Updated: May. 25, 2010
The Role of 'Accomplished Teachers' in Professional Learning Communities: Uncovering Practice and Enabling Leadership
This article describes the signature role played by accomplished, experienced teachers in professional learning communities, and the importance that these practitioners make their teaching public and shared. In so doing, the authors describe how accomplished practices can be shared between classrooms and between practitioners with varying levels of experience. The authors examine five different examples, three from programs developed by the Carnegie Foundation for the Advancement of Teaching and two studies done on and with the National Writing Project. The authors conclude that robust, lasting professional development must begin with what teachers know and do, effecting educational reform from within the classroom.
Updated: Dec. 02, 2009
This article presents a theoretical model of lesson study, an approach to instructional improvement that originated in Japan. The model suggests that development of teachers’ knowledge and professional community (not just improved lesson plans) are instructional improvement mechanisms within lesson study. The theoretical model is used to explore the “auditable trail” of data from a North American lesson study case. The authors argue that the case provides an “existence proof” of the potential effectiveness of lesson study outside Japan.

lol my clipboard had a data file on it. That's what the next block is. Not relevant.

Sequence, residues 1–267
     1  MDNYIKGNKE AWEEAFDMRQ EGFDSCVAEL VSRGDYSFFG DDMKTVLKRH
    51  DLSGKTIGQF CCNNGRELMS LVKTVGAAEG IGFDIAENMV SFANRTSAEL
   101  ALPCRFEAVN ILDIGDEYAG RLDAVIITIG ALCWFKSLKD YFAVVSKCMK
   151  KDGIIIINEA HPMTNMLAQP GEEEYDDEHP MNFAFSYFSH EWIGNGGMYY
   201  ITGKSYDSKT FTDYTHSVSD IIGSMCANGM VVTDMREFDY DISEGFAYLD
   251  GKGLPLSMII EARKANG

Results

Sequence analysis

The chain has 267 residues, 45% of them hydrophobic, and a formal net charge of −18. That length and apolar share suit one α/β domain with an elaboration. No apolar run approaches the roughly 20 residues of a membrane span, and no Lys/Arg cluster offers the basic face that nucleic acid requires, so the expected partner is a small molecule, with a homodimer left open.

Updated: Oct. 14, 2009
Doing More With Less: Teacher Professional Learning Communities in Resource-Constrained Primary Schools in Rural China
This article explores the nature and varying forms of professional learning communities in rural Gansu, one of China’s poorest provinces, in northwest China. The authors use qualitative and quantitative data. They draw on survey data collected in primary schools serving 71 villages in rural Gansu Province as well as transcripts from in-depth interviews with 30 teachers. The findings suggest that engagement in professional learning communities is associated with strong leadership of the principal, policy reforms and the initiative of teachers themselves.
Updated: Sep. 21, 2009
Leading Professional Learning in An Australian Secondary School through School-University Partnerships